Que vois-je dans Nietzsche? Que reste-t-il de ces deux visages? Je ne sais Ici : un fragment du monde dans deux visages. Deux visages qui sont deux mondes.
Questa storia, a differenza di ogni altro mito, ha un autore. Questo ora Narciso sa. Sa la morte. Cerco di guardare nel nodo in cui si stringono motivazioni diverse. Un ritratto ad olio richiede invece tempo. E molte cose capitano nel corso del tempo. Cosa avrebbe trovato Luca Del Baldo nelle lunghe ore in cui con spatola e pennelli lavorava dentro i miei lineamenti?
E poi ancora: cosa avrei trovato io guardandomi nel ritratto? Le vie del tempo sono inevitabilmente anche via di patimento. Sono una imitazione di una imitazione. Noi gli affidiamo i nostri tratti, ma anche le parole che ci hanno reso quello che siamo e quello che sembriamo. Forse egli si sta trasformando in un filosofo, anche se un filosofo che lavora con il pennello. Il compito non ha termine. He made an intriguing choice of a photograph to use not to mention a face to depict. And he created an intense, compelling, vibrant depiction from it.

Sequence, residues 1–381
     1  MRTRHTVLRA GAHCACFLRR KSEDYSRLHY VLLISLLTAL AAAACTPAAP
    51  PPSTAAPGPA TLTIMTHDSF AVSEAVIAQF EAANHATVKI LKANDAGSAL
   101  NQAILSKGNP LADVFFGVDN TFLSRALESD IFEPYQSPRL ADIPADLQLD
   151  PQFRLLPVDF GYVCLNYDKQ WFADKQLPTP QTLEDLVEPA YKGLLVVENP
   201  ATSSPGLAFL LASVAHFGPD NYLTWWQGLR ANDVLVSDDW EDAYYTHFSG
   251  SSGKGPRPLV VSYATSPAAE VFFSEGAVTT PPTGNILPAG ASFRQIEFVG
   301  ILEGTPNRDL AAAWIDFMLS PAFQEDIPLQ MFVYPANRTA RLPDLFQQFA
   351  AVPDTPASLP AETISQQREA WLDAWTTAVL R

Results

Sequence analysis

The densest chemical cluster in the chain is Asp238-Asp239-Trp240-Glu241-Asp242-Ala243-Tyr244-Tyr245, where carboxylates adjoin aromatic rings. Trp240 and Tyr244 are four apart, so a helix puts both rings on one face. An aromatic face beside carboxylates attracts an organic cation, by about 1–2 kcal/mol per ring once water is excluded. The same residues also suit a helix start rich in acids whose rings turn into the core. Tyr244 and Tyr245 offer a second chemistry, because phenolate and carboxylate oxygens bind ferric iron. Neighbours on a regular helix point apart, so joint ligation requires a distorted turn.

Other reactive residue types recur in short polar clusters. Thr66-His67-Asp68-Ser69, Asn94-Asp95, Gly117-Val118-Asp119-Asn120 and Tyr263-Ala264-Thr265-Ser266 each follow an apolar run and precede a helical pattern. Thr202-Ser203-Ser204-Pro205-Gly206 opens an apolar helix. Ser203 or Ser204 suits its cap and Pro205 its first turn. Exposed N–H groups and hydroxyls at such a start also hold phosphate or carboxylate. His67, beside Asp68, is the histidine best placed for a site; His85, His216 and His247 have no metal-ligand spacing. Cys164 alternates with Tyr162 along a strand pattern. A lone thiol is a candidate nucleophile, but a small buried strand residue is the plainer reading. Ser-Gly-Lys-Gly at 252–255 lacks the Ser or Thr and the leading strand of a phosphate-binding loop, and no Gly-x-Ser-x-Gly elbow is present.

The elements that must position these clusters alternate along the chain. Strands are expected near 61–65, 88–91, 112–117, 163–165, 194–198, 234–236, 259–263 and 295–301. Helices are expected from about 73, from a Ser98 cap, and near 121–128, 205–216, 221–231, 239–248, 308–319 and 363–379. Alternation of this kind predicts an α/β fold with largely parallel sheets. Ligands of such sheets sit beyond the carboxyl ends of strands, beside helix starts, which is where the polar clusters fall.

Despite my admiration, however, the portrait makes me very uncomfortable, partly no doubt because it is of me, with its unsettling combination of strangeness and familiarity, but also because the guy in the portrait is too close for comfort, even when I stand well back from the canvas! That of course is part of what makes the painting so powerful. It is a wonderful work of art. I will display it somewhere, but not over my desk. I merely mention, here, what I take to be the most fundamental and most important difference: To look at a photograph of a turtle or a philosopher is actually to see it; one sees the object, indirectly, by seeing its photographic representation.
Looking at a painting, by contrast, one sees only the representation, not the turtle or philosopher.